Top Trump lawyer gives Mueller coveted details
The White House counsel, Don McGahn, has cooperated extensively in the special counsel investigation, sharing detailed accounts about the episodes at the heart of the inquiry into whether President Donald Trump obstructed justice, including some that investigators would not have learned of otherwise, according to a dozen current and former White House officials and others briefed on the matter.
In at least three voluntary interviews with investigators that totaled 30 hours during the past nine months, McGahn described the president’s furor toward the Russia investigation and the ways in which he urged McGahn to respond to it. He provided the investigators examining whether Trump obstructed justice a clear view of the president’s most intimate moments with his lawyer.
Among them were Trump’s comments and actions during the firing of former FBI Director James Comey and Trump’s obsession with putting a loyalist in charge of the inquiry, including his repeated urging of Attorney General Jeff Sessions to claim oversight of it. McGahn was also centrally involved in Trump’s attempts to fire the special counsel, Robert Mueller, which investigators might not have discovered without him.
For a lawyer to share so much with investigators scrutinizing his client is unusual. Lawyers are rarely so open with investigators, not only because they are advocating on behalf of their clients but also because their conversations with clients are potentially shielded by attorney-client privilege, and in the case of presidents, executive privilege.
“A prosecutor would kill for that,” said Solomon Wisenberg, a deputy independent counsel in the Whitewater investigation, which did not have the same level of cooperation from President Bill Clin- ton’s lawyers. “Oh my God, it would have been phenomenally helpful to us. It would have been like having the keys to the kingdom.”
McGahn’s cooperation began in part as a result of a decision by Trump’s first team of criminal lawyers to collaborate fully with Mueller. The president’s lawyers have explained that they believed their client had nothing to hide and that they could bring the investigation to an end quickly.
McGahn and his lawyer, William Burck, could not understand why Trump was so willing to allow McGahn to speak freely to the special counsel and feared Trump was setting up McGahn to take the blame for any possible illegal acts of obstruction, according to people close to him. So he and Burck devised their own strategy to do as much as possible to cooperate with Mueller to demonstrate that McGahn did nothing wrong.
It is not clear that Trump appreciates the extent to which McGahn has cooperated with the special counsel. The president wrongly believed that McGahn would act as a personal lawyer would for clients and solely defend his interests to investigators, according to a person with knowledge of his thinking.
In fact, McGahn laid out how Trump tried to ensure control of the investigation, giving investigators a mix of information both potentially damaging and favorable to the president. McGahn cautioned to investigators that he never saw Trump go beyond his legal authorities, though the limits of executive power are murky.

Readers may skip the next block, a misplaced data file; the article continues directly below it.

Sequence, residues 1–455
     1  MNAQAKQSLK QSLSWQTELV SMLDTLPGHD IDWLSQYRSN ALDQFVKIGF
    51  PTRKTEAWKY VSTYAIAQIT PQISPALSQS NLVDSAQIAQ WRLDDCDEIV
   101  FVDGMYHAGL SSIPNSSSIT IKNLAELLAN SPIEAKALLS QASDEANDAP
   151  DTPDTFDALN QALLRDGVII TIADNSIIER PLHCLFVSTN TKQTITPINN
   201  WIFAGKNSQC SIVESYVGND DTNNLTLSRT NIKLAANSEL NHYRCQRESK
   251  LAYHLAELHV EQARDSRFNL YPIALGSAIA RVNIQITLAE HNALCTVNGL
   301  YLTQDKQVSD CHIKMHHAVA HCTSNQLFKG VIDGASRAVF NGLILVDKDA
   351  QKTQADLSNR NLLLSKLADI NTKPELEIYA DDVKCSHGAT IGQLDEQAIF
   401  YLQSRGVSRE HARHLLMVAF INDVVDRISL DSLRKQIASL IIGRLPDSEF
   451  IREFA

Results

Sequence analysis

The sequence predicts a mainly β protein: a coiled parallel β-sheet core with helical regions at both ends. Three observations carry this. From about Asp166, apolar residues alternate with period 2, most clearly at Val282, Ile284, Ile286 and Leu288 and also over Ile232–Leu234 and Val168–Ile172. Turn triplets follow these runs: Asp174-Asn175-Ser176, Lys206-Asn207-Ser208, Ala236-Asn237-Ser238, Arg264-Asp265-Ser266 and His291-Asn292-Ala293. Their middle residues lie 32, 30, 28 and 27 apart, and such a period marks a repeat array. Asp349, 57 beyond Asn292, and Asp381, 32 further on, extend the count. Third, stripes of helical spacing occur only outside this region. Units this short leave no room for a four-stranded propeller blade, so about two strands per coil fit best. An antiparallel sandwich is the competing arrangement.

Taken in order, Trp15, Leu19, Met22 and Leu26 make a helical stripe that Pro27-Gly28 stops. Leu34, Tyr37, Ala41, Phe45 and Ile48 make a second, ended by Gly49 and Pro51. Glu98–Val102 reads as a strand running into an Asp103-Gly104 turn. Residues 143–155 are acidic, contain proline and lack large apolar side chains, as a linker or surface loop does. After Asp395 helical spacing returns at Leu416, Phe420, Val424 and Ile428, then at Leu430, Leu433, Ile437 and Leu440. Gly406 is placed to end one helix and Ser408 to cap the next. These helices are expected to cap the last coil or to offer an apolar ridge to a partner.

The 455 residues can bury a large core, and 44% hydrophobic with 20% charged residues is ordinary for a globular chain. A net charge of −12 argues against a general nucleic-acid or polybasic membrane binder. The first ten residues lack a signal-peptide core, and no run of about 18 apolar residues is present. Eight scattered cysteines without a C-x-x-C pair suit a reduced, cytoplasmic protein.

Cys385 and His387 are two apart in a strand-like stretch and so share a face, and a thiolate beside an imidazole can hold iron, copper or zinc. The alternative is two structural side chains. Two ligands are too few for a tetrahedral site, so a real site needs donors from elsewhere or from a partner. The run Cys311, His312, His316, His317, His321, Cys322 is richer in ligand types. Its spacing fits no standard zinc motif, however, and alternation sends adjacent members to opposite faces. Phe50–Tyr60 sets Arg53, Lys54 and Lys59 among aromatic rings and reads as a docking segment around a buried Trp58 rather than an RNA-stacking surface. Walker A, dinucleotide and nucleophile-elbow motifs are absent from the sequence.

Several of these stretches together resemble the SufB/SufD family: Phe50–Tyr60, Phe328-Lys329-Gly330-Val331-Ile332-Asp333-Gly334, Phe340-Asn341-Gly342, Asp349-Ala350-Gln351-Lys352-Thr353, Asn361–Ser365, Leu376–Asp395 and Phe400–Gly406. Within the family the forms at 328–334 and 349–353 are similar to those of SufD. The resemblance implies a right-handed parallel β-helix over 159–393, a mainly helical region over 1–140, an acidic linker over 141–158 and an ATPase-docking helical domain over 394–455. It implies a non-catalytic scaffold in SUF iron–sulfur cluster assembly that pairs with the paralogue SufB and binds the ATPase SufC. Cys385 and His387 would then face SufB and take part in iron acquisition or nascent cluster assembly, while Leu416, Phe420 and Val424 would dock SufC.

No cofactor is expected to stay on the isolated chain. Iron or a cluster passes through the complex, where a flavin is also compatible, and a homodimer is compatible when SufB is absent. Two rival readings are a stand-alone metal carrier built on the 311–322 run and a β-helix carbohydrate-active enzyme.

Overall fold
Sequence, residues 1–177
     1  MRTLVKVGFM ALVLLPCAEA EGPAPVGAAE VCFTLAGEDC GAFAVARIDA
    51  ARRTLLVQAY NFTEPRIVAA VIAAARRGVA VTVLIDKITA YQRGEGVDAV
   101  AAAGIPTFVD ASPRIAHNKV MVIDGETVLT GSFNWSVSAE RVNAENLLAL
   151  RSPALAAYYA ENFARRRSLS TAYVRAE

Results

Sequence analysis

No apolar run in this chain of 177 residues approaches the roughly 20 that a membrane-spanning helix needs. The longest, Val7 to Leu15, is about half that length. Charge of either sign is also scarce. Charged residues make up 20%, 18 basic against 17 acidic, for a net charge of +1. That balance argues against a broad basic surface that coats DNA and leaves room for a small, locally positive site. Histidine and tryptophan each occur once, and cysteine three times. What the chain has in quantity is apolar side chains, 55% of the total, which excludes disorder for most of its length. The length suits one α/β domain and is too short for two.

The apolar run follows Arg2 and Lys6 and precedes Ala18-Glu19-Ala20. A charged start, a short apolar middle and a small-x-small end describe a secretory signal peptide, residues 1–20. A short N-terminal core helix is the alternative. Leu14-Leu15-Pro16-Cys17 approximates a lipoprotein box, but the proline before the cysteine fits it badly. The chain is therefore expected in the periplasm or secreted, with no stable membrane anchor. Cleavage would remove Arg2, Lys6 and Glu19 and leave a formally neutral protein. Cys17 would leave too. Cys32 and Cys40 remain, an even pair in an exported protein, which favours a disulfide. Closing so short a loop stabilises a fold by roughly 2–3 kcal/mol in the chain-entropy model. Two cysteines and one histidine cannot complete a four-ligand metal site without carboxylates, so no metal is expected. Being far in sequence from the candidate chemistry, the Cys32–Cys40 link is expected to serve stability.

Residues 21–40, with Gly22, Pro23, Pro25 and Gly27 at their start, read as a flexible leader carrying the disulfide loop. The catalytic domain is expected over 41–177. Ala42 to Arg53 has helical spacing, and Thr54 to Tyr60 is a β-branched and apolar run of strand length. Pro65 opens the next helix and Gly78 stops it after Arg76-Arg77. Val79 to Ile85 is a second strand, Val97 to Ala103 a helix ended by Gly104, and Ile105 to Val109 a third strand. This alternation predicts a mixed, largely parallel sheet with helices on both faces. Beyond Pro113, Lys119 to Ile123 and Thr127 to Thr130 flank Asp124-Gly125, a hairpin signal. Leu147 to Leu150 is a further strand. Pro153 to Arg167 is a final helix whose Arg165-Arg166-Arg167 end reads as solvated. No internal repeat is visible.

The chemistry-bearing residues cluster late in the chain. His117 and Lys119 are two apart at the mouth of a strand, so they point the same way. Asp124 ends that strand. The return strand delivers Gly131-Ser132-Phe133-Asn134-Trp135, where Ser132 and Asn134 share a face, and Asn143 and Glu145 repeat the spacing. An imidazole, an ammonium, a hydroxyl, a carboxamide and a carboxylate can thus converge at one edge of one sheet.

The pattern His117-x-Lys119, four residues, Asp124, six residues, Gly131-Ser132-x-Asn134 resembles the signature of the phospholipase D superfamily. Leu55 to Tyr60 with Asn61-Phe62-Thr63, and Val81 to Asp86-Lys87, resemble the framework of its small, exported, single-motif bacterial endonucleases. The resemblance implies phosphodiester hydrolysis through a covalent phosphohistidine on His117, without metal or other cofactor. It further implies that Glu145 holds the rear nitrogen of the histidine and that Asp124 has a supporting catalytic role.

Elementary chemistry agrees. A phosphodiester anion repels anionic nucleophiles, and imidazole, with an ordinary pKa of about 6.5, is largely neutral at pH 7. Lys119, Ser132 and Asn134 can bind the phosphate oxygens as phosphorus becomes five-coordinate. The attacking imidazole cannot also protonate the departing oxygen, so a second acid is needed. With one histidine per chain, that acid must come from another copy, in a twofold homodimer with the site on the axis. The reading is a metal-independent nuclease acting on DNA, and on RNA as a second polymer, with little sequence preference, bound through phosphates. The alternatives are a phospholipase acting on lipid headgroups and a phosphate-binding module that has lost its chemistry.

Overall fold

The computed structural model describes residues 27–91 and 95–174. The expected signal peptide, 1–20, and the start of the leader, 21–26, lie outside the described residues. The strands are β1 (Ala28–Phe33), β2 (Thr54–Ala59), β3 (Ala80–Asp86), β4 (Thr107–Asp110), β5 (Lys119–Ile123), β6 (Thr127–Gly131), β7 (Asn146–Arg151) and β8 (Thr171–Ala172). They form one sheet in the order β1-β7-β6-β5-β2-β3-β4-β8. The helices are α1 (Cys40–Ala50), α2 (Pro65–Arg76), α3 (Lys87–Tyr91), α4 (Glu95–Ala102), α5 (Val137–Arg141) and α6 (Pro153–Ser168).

McGahn’s role as a cooperating witness further strains his already complicated relationship with the president. Though Trump has fought with McGahn as much as with any of his top aides, White House advisers have said, both men have benefited significantly from their partnership.
McGahn has overseen two of Trump’s signature accomplishments – stocking the federal courts and cutting government regulations – and become a champion of conservatives in the process.
But the two rarely speak one-on-one – White House Chief of Staff John Kelly and other advisers are usually present for their meetings – and Trump has questioned McGahn’s loyalty. In turn, Trump’s behavior has so exasperated McGahn that he has called the president “King Kong” behind his back, to connote his volcanic anger, people close to McGahn said.
This account was based on interviews with current and former White House officials and others who have spoken to both men, all of whom requested anonymity to discuss a sensitive investigation.
Through Burck, McGahn declined to comment. A spokesman for the special counsel’s office also declined to comment for this article.
Asked for comment, the White House sought to quell the sense of tension.
“The president and Don have a great relationship,” the White House press secretary, Sarah Huckabee Sanders, said in a statement. “He appreciates all the hard work he’s done, particularly his help and expertise with the judges, and the Supreme Court” nominees.
McGahn’s route from top White House lawyer to a central witness in the obstruction investigation of the president began around the time Mueller took over the investigation into whether any Trump associates conspired with Russia’s interference in the presidential election.
When Mueller was appointed in May 2017, the lawyers surrounding the president realigned themselves. McGahn and other White House lawyers stopped dealing on a day-to-day basis with the investigation, as they realized they were potential witnesses in an obstruction case.
In the following weeks, Trump assembled a personal legal team to defend him. He wanted to take on Mueller directly, attacking his credibility and impeding investigators.
Don McGahn, the White House counsel, is cooperating with the special counsel investigation into whether President Donald Trump obstructed justice.